By Bonnie Watson Kniskern, Newport

letter to the Newport City Council  December 8,  2020

I’d like to thank all Newport City Council members for their service. It’s easy for a resident complain about work they have never done themselves. You are volunteers, you care about your constituents, and you care about the quality of life in this city. I am not writing to complain, but to voice concerns, and to explain to you why.

For the past few weeks, we have watched local Covid infection rates rise dramatically. We have watched residents and visitors do their utmost to comply with the governor’s orders, and we have seen a few bad apples go along their selfish ways. Two weeks ago I myself became ill and was taken to Charlton Hospital in Fall River MA for testing, because my neighborhood hospital, Newport Hospital, does not permit doctors who are not “Lifespan Doctors” to admit patients.

I had several Covid symptoms, the worse was difficulty breathing. After two rounds of testing, it is fairly certain I did NOT have a Covid infection. But to reach that conclusion, my local family doctor spent a considerable amount of time parsing through pre-existing conditions and test results to diagnose and treat my condition. All while handling perhaps 3-4 actual, new, Covid cases a day.  

My doctor is exhausted, as is her staff, from handling the rise in Covid patients while addressing the routine health issues of the ALL her patients.  SO What are we doing to help here?

I believe we need to re-examine how the city is handling this pandemic. A wealth of information is available through the governor’s office. Governor Raimondo is on top of her game. There is no need to duplicate research or directives. There is, however,  a need, a very real need, to communicate the governor‘s advice. And to penalize those who are DELIBERATELY breaking the rules.

My personal experience is that the restaurants I eat in are doing an excellent job of keeping us safe, the stores I shop at are doing an excellent job of keeping us safe. The city is not doing enough. I appeared before you after the July 4th holiday weekend, not because I wanted to, but because I was appalled by the hordes of mask-free people parading down Thames Street. At that time, members of the council as well as the city manager, believed enforcing the mask rule would be “bad for business”.  I think we have a better picture NOW of what’s actually bad for business in this town.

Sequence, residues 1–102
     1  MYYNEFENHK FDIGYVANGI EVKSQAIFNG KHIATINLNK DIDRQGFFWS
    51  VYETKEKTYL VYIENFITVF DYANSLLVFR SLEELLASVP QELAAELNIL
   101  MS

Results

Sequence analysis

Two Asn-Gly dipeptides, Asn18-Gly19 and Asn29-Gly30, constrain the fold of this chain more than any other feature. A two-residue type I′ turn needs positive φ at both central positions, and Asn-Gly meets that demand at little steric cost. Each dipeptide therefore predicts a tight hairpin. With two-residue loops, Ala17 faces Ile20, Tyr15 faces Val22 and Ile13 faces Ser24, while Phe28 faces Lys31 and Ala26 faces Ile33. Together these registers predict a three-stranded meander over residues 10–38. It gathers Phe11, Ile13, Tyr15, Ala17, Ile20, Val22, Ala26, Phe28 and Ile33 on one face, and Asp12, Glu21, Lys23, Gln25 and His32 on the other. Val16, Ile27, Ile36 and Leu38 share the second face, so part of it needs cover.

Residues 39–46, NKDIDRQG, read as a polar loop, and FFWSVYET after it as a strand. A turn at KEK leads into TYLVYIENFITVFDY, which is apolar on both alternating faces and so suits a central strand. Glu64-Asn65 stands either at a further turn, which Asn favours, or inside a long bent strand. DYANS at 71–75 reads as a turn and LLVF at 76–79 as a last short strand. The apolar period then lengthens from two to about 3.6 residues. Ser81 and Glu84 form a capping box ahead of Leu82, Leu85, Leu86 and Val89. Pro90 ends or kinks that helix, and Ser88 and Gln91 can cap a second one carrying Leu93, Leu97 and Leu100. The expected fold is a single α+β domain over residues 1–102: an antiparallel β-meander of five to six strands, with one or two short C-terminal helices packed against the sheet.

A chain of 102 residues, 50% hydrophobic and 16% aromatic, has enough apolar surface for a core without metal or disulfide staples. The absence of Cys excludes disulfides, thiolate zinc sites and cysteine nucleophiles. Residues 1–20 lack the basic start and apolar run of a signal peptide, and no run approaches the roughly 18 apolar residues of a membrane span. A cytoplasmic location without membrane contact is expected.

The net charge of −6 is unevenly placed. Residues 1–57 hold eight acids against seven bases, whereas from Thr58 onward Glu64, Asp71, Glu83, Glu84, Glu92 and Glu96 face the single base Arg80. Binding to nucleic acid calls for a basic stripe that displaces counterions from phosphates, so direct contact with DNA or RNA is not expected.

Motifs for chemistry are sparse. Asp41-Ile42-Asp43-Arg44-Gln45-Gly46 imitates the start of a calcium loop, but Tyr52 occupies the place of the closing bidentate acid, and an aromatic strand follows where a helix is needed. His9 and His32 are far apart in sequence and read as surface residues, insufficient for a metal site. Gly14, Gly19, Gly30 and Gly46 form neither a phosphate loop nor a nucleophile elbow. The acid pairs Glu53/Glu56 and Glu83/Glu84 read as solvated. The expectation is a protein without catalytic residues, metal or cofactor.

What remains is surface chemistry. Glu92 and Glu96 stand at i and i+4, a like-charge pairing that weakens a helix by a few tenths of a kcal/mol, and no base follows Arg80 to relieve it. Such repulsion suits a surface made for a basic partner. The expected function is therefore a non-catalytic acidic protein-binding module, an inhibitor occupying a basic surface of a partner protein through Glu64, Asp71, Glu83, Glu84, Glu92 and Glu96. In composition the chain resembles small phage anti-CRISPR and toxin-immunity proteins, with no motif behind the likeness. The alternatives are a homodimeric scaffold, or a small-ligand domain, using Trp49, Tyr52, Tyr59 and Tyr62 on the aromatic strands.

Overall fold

Later in July, I became concerned when a city counselor led volunteers in distributing masks. It worked because we are a small community of people who know each other and that makes a difference in terms of cooperation. But you know, all across the country, including locally, people are beaten up because they politely requested that someone put their mask up, or on.  I have been verbally abused on Thames Street and in a local restaurant when I went to support the restaurant owner. I was shaking after both incidents. Not good.

Residents, visitors, should not be forced into confrontations, should not be the enforcers of the governor’s orders because the city refuses to. I believe enforcement is the job of the people who report to you. Rhode Island’s Department of Health, the Office of Business Administration, have given everyone in a position of responsibility the necessary tools. Are they being used?

Rhode Island has one of the highest infection rates in the country and  it’s time to use all of the resources at our disposal. We have an excellent community policing team. We have a citizenship concerned and willing to do the right thing. 

What we are lacking, foremost, is education of our most vulnerable populations, in the language they speak. What we are lacking is a concerted effort to connect everyone to the resources they need to stay educated, to stay up to speed, to get tested, to keep track of where they go and who they come in contact with. We have the tools. I beg you to use them.

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